Detroit News top brass is ducking questions about two veteran journalists who have been quietly canned. One of the two admits his firing was due to an ethics breach, but won’t disclose what he did wrong. The other would neither confirm nor deny that ethical questions played a role in his firing.
Columnist George Cantor, who would have celebrated his 40th anniversary as a writer for Detroit dailies this year, was sent packing July 15. Asked straight out by News Hits whether management cited an “ethical concern” as the reason for dismissing him, Cantor replies, “I can’t go into that.”
The West Bloomfield resident started as a baseball writer for the Free Press in ’63, and switched over to the News 26 years ago. A talented writer (although too much of an elitist and conservative for our tastes), Cantor wrote 16 books and garnered lots of mail with his Saturday column, which the News canceled earlier this year when they switched him to the editorial page.
Cantor’s daughter made tragic national news in 1998 when she fell to her death from a U-M dorm room after she’d been drugged with GHB at a frat party; blood tests found she was not drunk. Since then, Cantor’s had a rough run of it: he sued the university and others linked to the death, contracted prostate cancer, and, two weeks before he was fired, his father died. “I’ve felt better,” says Cantor, who wouldn’t rule out a lawsuit and says he’s weighing his options for the future.
Meanwhile, Alan Stamm, a 27-year News vet who spent the last decade-plus as assistant city editor working crappy weekend shifts, was also pink slipped in recent weeks.
“I was discharged for an ethical reason,” admits Stamm. Sources tell News Hits he was fired for grabbing freebies such as DVDs and CDs, which are regularly mailed to publications in an attempt to garner coverage (stuff that News Hits hoards like fine silver). The News periodically sells accumulated swag to staffers and gives the funds to charity. Stamm won’t address the allegation directly, but does say, “If that’s what I was fired for, then it should serve as a warning to others.” Then he adds: “I can’t challenge the facts, but the punishment was too harsh.”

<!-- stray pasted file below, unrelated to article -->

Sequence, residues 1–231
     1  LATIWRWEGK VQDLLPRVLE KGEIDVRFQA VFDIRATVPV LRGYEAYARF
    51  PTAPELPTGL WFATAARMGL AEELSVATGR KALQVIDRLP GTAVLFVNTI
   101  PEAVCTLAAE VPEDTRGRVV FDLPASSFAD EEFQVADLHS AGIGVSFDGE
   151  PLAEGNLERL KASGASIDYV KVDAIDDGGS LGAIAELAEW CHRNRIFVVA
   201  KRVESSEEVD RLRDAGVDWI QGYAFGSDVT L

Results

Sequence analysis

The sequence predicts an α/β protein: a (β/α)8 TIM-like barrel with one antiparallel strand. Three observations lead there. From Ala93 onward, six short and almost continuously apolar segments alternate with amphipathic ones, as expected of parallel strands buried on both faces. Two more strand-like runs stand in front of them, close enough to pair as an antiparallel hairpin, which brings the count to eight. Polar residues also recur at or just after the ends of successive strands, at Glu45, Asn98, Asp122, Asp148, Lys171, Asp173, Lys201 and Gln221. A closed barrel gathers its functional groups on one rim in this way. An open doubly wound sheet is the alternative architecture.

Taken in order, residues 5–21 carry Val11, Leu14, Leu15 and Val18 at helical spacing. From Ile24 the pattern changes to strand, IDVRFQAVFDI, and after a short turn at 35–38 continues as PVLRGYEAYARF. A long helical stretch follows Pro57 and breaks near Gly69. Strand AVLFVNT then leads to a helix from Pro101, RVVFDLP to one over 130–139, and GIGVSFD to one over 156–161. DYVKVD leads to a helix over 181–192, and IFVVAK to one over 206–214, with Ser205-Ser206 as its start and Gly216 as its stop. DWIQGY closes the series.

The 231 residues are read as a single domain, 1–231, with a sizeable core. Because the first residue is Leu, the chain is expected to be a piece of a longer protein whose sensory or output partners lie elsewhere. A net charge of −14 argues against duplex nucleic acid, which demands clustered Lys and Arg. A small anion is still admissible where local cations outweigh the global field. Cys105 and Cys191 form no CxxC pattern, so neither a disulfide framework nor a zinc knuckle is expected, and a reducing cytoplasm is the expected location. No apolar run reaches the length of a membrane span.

Considering the supposed infraction, and the length of time Stamm served, a cynic might think there was other motivation for letting him go, like maybe cutting loose a fat paycheck. Et tu, Mr. Cantor? We do know that other long-time Newsies are nervously looking over their shoulders.
“It reminds you why unions are good,” says Stamm, a manager who stayed loyal to his paper during the strike.
News publisher and editor Mark Silverman didn’t return calls seeking comment on the firings. Just what we love, Mark, a newspaper publisher who ducks the tough questions. Keep up the good work.Send comments to firstname.lastname@example.org